Retail sales were growing at an 11.2% year-on-year rate as of March (March is the latest month for which retail sales numbers are available). They were growing at a 7.1% rate three months before that; they were growing at a 4.4% rate six months before that; and they were growing at a 2.1% rate a year ago.
Data to be released May 3 will confirm that personal consumption expenditure (PCE) was growing at a 6.3% year-on-year rate as of the first quarter. (Keep in mind that the retail sales series, because it does not include spending for services, typically captures less than half of all consumption during any given month.) PCE was growing at a 6.1% rate one quarter before that; it was growing at a 5.5% rate two quarters before that; and it was growing at a 5.1% rate a year ago.
So not only is consumption growth not slowing materially, it isn't slowing at all. Matter of fact, it's not even flat. Consumption growth is accelerating; consumption is growing at an increasing rate.
The second point concerns the fact that The Tool happens to be the biggest New Era Fan around. Matter of fact, many slowdown types also happen to be big New Era Fans.
But being both just does not make sense. The Tool and those like him --
hereafter -- just don't have their own $^!%& straight.
Tool and Tool Juniors claim that real (inflation-adjusted) interest rates have been overly restrictive for more than year.
If real rates are so damn restrictive, then why are sales of goods in interest-sensitive sectors like autos and housing setting records? And why is GDP growth soaring?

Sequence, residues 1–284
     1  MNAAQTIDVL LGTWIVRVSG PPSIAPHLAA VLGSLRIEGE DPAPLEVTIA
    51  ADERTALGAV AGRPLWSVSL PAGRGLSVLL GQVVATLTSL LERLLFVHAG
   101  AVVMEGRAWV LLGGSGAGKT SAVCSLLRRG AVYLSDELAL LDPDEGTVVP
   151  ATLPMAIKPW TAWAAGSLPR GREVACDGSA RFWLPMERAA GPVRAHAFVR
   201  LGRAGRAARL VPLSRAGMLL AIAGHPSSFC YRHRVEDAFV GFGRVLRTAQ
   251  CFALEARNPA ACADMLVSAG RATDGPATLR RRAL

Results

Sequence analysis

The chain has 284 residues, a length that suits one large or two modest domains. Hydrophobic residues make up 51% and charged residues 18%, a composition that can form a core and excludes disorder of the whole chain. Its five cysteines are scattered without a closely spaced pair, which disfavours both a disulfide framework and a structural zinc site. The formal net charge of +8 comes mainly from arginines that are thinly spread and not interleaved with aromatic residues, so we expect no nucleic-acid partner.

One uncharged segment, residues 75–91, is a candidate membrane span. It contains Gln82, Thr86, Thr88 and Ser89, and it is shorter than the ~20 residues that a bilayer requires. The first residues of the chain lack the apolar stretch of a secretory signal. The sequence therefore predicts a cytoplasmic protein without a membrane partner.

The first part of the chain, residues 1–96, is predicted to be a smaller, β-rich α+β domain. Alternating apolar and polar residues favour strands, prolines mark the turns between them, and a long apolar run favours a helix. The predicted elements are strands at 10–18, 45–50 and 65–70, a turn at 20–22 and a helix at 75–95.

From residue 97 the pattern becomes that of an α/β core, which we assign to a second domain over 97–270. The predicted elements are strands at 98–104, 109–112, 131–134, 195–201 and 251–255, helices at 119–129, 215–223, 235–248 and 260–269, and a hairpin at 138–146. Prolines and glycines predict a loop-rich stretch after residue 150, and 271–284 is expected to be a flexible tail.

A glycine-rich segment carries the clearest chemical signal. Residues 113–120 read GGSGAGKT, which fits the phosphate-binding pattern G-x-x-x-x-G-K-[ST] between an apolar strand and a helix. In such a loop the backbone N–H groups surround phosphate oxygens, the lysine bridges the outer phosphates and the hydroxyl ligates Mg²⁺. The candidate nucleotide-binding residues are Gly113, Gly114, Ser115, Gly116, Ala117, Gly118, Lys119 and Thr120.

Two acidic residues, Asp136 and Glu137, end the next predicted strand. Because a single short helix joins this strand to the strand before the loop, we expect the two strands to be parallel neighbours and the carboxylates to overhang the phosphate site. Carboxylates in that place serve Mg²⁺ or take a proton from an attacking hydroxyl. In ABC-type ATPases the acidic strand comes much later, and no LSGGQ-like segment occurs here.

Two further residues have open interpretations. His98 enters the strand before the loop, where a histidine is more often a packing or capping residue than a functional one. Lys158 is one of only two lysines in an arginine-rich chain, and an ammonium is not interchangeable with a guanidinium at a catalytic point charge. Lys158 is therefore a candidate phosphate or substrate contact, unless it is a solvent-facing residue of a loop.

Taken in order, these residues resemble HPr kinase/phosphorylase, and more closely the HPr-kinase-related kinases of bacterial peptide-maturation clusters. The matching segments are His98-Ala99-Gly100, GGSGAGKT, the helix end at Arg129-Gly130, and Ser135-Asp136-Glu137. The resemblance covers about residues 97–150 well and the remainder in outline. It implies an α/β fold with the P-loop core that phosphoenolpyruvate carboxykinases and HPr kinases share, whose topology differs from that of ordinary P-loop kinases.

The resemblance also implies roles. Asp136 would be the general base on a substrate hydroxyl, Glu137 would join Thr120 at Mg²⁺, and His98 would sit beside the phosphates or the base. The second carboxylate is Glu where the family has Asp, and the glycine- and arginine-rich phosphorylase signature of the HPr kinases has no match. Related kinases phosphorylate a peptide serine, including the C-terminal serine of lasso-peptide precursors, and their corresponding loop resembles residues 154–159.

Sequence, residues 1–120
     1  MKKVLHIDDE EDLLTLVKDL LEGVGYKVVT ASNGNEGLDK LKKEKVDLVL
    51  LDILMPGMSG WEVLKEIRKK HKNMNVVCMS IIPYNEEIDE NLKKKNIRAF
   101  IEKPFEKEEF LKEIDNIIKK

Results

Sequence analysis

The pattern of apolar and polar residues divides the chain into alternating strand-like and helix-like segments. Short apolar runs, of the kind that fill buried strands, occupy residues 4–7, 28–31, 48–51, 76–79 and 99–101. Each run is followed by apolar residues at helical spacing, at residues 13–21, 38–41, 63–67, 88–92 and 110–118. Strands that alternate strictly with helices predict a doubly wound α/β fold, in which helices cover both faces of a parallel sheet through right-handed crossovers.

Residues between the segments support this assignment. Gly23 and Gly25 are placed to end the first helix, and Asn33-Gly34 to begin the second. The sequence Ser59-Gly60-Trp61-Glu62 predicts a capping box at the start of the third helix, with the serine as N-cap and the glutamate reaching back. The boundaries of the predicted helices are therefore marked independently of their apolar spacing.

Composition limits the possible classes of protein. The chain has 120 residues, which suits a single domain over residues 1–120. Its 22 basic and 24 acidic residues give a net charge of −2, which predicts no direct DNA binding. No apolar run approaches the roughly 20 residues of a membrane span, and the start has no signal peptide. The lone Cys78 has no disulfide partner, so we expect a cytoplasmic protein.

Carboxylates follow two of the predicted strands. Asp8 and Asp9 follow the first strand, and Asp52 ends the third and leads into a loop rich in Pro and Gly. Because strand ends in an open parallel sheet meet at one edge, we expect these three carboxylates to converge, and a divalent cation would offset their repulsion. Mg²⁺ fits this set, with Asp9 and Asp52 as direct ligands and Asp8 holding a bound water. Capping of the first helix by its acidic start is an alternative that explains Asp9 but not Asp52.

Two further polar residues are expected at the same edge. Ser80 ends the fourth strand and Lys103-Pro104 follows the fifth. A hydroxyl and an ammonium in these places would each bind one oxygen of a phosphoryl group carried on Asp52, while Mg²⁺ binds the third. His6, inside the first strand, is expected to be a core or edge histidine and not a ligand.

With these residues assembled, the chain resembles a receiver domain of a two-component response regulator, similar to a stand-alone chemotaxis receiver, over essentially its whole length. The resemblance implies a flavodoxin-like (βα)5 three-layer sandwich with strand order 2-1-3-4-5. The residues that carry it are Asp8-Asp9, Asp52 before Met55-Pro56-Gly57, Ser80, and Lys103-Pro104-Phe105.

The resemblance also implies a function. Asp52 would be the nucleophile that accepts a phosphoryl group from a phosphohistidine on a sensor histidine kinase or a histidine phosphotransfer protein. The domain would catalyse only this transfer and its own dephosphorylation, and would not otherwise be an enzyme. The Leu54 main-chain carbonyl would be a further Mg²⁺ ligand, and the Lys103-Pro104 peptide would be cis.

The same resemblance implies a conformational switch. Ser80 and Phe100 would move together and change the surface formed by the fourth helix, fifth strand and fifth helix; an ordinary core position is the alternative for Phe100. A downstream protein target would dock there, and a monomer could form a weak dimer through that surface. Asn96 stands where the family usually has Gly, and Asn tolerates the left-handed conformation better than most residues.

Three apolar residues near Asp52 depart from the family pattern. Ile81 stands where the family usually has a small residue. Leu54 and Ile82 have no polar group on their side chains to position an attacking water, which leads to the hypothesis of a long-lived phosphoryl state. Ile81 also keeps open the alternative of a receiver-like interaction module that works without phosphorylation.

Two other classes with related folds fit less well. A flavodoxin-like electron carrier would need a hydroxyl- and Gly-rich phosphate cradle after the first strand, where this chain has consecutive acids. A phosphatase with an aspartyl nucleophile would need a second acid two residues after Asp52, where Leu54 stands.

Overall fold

Tool and Tool Juniors claim that a material and permanent increase in productivity means that the economy can grow faster than it ever has before.
So why have they grossly underestimated growth in each of the last three years?
And why have they continued to predict slowdowns?
And why are they surprised when growth comes in even bigger than their own productivity argument predicts?
And why, when growth comes in even bigger than their own productivity argument predicts, do they label growth unsustainable and attribute it to special factors like the weather?
You have two choices. You can listen to The Tool and Tool Juniors explain recent strong growth like this:
Recent strength appears to have been distorted on the high side by numerous factors. First, mild winter weather boosted economic activity in retail and construction sectors. Second, booming tax refunds and a surge in mortgage refinancing helped boost consumption. Third, Y2K spending (by businesses and consumers) boosted spending for computers, food, and hardware.
Or you can listen to sane forecasters like the ones at
Salomon Smith Barney
explain it like this:
The strength, for the most part, is not a function of large tax refunds or mild weather -- such arguments pop up every year -- but stems from the fundamental support of financial conditions.
Look. The Tool and Tool Juniors cannot even come close to accurately forecasting growth, and forecasting growth is exponentially easier than predicting the price measures or proving what productivity's doing.
So why should anyone value anything they have to say about anything?
Is it just me? Or is it wonderfully ... quiet ... around here today?
Best board game?